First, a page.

Louisiana Pastor Who Defied Coronavirus Orders Asks Congregants to Donate Their Stimulus Money

The current coronavirus pandemic has created a lot of drama around people attending churches on Sundays despite stay-at-home orders in several states and national guidelines on social distancing. Despite a virtual ban on gatherings of ten or more people, some churches and pastors around the nation have ignored them and held regular services.

One is Pastor Tony Spell in Louisiana who made headlines back at the start of April by violating public orders in the state to hold church services. Police charged Spell with violating an executive order by the governor and Central Police Chief Roger Corcoran lashed out at the time, saying Spell was out to "embarrass" police for "self-promotion."

Weeks later, Spell has taken another bold step by asking them and other Americans to donate their stimulus checks to "evangelists, missionaries and music ministers" who haven't received offerings due to the shutdown. According to CNN, Spell claims he and his wife have donated their checks already and their son is doing the same.

Speaking with CNN anchor Victor Blackwell on Palm Sunday, Spell defended his decision by saying many he's saying to donate to don't receive checks of their own.

"We are challenging you, if you can, give your stimulus package to evangelists and missionaries, who do not get the stimulus package," he told CNN. Spell also contended that the pandemic is "politically motivated" and the stay-at-home guidelines are "government overreach."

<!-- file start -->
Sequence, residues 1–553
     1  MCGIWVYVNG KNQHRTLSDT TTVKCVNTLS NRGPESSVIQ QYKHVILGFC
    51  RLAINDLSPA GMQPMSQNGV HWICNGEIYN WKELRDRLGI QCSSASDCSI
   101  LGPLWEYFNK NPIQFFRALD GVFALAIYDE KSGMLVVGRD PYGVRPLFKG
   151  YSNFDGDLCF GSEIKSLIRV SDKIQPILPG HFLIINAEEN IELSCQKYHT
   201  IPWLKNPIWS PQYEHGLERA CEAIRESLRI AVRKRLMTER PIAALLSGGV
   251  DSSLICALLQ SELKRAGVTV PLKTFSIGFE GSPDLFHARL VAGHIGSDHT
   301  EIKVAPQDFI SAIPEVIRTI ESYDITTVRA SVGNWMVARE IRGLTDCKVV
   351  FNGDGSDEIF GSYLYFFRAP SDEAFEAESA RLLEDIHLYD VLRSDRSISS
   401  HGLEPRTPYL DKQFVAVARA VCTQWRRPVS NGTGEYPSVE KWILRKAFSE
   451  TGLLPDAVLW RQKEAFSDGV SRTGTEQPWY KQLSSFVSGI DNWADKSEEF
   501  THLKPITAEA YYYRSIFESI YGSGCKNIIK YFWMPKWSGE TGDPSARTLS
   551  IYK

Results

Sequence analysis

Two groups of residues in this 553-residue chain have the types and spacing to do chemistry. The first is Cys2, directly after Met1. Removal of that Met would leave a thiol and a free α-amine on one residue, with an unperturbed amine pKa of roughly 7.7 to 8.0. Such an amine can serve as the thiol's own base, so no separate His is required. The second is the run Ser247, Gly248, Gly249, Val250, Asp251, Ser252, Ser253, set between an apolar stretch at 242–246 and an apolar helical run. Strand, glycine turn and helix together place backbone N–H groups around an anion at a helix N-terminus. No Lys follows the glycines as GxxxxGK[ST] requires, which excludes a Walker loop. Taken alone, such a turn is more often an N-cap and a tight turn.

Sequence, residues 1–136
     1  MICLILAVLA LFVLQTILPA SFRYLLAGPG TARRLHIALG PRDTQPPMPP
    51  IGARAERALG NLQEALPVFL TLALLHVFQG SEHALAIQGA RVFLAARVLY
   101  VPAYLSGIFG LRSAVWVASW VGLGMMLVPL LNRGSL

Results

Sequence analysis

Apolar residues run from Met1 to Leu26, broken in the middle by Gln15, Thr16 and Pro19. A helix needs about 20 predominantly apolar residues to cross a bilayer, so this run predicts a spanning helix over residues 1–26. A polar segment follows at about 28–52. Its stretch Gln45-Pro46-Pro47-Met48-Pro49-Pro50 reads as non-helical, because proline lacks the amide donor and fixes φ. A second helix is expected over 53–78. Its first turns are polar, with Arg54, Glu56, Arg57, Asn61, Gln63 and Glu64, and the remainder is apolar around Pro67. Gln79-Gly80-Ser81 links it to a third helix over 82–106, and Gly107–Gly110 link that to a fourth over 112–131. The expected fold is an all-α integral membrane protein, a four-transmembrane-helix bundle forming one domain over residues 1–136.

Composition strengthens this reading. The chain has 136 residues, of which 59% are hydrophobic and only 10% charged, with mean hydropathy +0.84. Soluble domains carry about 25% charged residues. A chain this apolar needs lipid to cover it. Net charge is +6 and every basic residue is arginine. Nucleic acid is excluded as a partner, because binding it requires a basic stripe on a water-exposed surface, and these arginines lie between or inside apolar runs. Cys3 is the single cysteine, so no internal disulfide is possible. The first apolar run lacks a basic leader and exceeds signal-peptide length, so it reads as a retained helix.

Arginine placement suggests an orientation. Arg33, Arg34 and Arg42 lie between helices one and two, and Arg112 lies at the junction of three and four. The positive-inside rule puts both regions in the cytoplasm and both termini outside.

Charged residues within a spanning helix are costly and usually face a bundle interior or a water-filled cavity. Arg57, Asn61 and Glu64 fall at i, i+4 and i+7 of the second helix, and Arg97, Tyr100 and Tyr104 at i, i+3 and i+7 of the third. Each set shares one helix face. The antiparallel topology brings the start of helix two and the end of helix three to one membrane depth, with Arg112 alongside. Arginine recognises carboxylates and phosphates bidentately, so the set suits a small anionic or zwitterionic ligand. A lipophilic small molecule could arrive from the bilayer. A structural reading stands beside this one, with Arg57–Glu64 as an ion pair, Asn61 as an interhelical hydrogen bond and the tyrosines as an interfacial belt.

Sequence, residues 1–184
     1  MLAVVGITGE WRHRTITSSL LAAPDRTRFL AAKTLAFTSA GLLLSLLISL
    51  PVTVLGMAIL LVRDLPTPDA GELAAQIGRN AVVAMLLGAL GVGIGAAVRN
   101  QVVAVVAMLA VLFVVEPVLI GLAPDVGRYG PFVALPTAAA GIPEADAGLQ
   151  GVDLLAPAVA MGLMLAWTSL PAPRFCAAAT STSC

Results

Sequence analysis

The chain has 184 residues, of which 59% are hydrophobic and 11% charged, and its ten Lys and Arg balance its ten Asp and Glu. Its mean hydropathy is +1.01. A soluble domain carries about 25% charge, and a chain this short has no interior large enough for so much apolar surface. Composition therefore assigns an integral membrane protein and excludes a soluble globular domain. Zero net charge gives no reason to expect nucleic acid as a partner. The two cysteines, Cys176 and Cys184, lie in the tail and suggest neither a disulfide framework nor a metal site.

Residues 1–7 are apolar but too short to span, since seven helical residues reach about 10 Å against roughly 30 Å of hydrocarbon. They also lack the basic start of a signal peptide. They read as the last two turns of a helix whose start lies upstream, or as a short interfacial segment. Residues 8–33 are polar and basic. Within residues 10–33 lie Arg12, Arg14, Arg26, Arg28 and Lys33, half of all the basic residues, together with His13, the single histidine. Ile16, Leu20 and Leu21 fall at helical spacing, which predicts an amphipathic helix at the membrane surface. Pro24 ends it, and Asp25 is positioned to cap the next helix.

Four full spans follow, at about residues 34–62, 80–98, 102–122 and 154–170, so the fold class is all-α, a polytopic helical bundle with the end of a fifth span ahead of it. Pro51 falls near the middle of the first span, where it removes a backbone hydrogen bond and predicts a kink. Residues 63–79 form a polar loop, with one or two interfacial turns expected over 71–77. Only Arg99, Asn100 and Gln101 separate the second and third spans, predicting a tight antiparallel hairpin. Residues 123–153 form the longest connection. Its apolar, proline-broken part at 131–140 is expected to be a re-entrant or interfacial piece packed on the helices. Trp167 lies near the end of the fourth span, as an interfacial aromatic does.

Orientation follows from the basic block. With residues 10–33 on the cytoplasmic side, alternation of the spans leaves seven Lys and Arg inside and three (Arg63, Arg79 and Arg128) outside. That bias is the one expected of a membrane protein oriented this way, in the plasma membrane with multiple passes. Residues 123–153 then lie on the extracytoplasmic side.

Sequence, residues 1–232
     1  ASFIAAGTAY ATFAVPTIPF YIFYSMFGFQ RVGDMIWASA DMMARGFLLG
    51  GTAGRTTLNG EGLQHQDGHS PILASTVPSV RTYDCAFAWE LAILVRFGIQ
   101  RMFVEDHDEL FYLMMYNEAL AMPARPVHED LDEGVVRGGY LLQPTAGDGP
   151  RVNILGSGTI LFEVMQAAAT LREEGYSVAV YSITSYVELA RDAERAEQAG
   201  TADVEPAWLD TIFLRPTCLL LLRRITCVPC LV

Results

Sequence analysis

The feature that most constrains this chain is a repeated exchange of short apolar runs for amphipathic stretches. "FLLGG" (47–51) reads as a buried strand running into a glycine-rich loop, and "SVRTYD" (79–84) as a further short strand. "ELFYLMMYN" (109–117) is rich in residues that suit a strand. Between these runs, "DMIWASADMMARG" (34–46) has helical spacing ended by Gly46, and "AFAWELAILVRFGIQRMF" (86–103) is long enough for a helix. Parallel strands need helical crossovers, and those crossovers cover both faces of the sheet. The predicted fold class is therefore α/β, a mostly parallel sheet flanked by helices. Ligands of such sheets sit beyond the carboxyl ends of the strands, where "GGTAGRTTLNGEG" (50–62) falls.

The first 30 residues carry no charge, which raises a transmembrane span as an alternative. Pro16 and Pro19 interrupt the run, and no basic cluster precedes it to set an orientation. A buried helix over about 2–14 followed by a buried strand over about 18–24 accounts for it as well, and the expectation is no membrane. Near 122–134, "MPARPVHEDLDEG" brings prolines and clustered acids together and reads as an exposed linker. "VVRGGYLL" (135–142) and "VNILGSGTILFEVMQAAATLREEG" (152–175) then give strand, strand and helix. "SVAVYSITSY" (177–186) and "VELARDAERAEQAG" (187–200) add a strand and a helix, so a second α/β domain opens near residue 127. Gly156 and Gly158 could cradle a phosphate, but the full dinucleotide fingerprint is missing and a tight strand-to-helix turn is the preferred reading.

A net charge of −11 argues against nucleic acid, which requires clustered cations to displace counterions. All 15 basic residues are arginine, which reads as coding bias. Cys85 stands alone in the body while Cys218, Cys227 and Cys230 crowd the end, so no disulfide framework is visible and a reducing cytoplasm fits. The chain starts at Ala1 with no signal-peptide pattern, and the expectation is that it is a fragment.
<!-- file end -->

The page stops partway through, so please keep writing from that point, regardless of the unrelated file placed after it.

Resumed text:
As CNN notes, Louisiana has the 9th-most confirmed coronavirus cases in the U.S., with 1,267 deaths and 23,000 confirmed infections. Chief Corcoran claimed he isn't finished with Spell yet and believes his motivations fly in the face of "the strength and resilience" in the community.

"Mr. Spell will have his day in court where he will be held responsible for his reckless and irresponsible decisions that endangered the health of his congregation and our community," he said in a statement.

Spell is not the only religious leader to speak out against the pandemic guidelines or hold services despite state orders. Jerry Falwell Jr. came under heavy criticism for his decision to reopen Liberty University after spring break despite Virginia's guidelines, while another pastor in Florida was arrested for holding services in defiance of the state's executive orders.

Rodney Howard-Browne not only defied orders to hold services, but he also had his members shake hands and show that the virus was not going to affect them. Sheriff Chad Chronister felt differently when issuing the arrest warrant.

"His reckless disregard for human life put hundreds of people in his congregation at risk and thousands of residents who may interact with them this week in danger," Chronister said during a press conference at the time. "They have access to technology allowing them to live stream their services over the internet and broadcast to their 400 members from the safety of their own homes, but instead they chose to gather at church."


Spell has not been arrested and held Easter services after receiving his summons, with 1,220 in attendance.